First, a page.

Paris Museum of Modern Art
The Musée d’Art Moderne de Paris presents the municipal collection of modern and contemporary art since Fauvism, rich in more than 15,000 works, mainly focused on artistic movements linked to the capital and more recently on the European art scene. It occupies the east wing of the Palais de Tokyo. The west wing of the palace, which belongs to the State, is also devoted to contemporary creation in all its forms. The museum, inaugurated in 1961, reopened on February 2, 2006, after a period of renovation, with an exhibition devoted to Pierre Bonnard.
The Modern collection is representative of the artistic movements that have developed in Paris since Fauvism in 1905; while the contemporary collection, from the 1960s, is more open to the European artistic scene (new realism, narrative figuration, kinetics, arte povera, Supports/Surfaces, BMPT, German artists and young French scene…). The Michael Werner donation thus made it possible to bring together the main French collection of German contemporary art, with that of the National Museum of Modern Art.
The Palais d’Iéna is a building in the 16th arrondissement of Paris built by the architect Auguste Perret in 1937. The Palais d’Iéna houses a hemicycle of three hundred seats covered with a double dome. The lobby features a monumental suspended horseshoe staircase. Having hosted the National Museum of Public Works from 1939 to 1955, since 1960 it has been the headquarters of the Economic, Social and Environmental Council and the International Chamber of Commerce.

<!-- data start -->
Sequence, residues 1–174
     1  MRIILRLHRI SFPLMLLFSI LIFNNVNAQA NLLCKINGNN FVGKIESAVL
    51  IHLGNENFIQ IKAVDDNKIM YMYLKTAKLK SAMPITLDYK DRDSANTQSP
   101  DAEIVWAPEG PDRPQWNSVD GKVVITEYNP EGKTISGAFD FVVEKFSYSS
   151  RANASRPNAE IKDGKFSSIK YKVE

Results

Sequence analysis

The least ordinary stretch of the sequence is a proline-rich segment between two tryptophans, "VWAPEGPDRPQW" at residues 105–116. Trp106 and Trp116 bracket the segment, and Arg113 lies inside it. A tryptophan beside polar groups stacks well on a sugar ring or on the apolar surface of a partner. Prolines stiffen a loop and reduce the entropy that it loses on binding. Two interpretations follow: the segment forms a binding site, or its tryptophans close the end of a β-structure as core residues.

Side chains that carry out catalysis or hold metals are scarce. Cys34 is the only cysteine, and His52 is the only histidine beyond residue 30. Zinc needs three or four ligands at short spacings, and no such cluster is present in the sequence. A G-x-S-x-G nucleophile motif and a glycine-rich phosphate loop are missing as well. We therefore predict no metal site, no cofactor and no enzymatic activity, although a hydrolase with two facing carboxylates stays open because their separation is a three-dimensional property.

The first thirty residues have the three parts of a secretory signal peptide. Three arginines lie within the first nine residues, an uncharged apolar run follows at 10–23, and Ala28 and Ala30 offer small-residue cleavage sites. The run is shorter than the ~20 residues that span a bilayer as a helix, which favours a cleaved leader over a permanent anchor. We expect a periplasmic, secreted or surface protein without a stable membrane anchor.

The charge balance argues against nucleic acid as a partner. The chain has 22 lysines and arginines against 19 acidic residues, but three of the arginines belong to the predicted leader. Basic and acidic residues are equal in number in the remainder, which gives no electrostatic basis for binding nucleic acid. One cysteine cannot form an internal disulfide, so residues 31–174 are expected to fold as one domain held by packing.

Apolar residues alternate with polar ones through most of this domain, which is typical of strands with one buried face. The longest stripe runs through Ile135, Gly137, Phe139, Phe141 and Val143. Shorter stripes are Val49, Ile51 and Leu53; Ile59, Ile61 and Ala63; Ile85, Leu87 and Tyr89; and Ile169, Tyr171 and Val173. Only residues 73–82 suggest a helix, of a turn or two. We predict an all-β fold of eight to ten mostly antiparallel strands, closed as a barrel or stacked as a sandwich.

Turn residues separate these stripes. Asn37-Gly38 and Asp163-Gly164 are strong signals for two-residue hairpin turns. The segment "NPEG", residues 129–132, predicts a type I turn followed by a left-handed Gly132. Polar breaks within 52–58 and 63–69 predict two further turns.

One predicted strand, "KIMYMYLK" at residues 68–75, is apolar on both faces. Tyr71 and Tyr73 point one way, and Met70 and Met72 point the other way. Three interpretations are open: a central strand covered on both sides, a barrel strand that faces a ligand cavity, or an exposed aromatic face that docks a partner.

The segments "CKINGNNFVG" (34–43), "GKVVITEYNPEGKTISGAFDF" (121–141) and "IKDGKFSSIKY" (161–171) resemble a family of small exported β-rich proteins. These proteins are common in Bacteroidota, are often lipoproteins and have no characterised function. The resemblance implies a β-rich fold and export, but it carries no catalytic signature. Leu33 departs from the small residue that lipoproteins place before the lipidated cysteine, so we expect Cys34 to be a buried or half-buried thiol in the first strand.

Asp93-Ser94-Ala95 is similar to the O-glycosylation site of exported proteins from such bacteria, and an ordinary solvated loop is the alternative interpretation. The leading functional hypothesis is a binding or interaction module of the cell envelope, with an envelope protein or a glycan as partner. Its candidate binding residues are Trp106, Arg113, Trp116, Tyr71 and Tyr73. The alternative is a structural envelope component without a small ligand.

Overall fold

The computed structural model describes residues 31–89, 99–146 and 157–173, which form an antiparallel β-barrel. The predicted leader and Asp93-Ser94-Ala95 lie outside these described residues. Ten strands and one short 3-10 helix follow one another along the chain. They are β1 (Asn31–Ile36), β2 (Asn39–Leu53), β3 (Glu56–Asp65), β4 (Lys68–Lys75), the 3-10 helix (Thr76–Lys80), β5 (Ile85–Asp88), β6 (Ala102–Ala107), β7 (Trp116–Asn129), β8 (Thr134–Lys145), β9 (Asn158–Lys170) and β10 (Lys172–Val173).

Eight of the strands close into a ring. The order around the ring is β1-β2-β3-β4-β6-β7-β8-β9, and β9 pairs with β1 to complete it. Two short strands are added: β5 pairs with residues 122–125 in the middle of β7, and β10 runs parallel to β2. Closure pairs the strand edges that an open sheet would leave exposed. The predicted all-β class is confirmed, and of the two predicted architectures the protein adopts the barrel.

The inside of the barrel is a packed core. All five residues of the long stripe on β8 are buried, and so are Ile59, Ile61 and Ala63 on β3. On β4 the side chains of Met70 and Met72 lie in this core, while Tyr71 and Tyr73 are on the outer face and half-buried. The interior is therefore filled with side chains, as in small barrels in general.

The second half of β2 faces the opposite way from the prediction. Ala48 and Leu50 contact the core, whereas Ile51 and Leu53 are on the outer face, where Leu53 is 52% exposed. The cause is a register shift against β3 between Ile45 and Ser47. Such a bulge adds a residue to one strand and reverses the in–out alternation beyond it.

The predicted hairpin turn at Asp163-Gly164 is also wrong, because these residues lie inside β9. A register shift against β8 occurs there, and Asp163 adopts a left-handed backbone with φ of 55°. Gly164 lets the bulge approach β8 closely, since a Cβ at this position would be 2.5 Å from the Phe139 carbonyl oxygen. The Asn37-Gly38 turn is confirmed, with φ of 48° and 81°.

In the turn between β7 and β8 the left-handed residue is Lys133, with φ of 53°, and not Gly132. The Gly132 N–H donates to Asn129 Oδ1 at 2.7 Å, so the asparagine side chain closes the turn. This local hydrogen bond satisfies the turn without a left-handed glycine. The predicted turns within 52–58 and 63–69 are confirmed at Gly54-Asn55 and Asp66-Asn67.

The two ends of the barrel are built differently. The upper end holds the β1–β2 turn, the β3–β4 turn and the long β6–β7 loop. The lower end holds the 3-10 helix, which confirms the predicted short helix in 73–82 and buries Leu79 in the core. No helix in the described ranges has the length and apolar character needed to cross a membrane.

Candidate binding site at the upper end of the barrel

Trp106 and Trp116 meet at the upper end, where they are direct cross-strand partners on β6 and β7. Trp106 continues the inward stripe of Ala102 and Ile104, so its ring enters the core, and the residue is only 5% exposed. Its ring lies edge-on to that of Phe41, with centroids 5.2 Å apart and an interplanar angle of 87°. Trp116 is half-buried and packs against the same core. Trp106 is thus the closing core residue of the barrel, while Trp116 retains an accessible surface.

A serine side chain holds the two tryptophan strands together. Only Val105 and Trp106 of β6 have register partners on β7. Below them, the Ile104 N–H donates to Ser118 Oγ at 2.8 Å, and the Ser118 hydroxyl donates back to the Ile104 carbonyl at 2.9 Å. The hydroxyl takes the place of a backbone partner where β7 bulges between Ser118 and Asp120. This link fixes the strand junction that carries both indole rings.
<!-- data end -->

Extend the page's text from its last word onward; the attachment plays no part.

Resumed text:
Yves Saint Laurent Museum
The Musée Yves Saint Laurent Paris is a museum dedicated to fashion designer Yves Saint Laurent in Paris. The fund, which began in the 1960s and was brought together during their lifetime by the pair Pierre Bergé and Yves Saint Laurent, has some 35,000 pieces (designs, textiles, accessories, etc.), including more than 7,000 haute couture creations. His most emblematic creations are recalled: The tuxedo for women,thesaharienne, the Mondrian dress, the Jumpsuit, etc., creations that have become classics.
Museum of human
The Musée de l’Homme is a French national museum established since 1937 in the Palais de Chaillot in Paris, whose vocation is to present the human race in its anthropological, historical and cultural diversity. It is a department of the National Museum of Natural History, under the joint supervision of the Ministry of Higher Education and Research and the Ministry of Ecology, Sustainable Development and Energy.
House La Roche
Maison La Roche was built between 1923 and 1925 by Le Corbusier and Pierre Jeanneret. It is considered today as a prestigious example of modern architecture in France, in which Le Corbusier find for the first time the architectural expression of the five points for a new architecture. The site was listed, along with 16 other architectural works by Le Corbusier, as a UNESCO World Heritage Site in 2016.
Palais Galliera, fashion museum of the city of Paris
The Palais Galliera, Musée de la Mode de la ville de Paris, is a French museum located in the 16th arrondissement of Paris, dedicated to the art and history of clothing and haute couture. With its 200,000 clothes, accessories, photographs, drawings, illustrations and prints, it houses one of the most important collections in the world. Among the collections, there is Paul Iribe, Georges Lepape, René Gruau, Christian Bérard, Bernard Blossac, René Bouët-Willaumez, Pierre Louchel, Pierre Pagès and even Roger Rouffiange. These rare pieces can be admired during temporary exhibitions.
National Museum of Asian Arts – Guimet
The National Museum of Asian Arts – Guimet, is a museum of Asian arts located place d’Iéna, in the 16th arrondissement. Designed, during its renovation in 1997, as a great center of knowledge of Asian civilizations in the heart of Europe, it presents today, grouped in a space dedicated to them, one of the most complete collections of Asian arts in the world.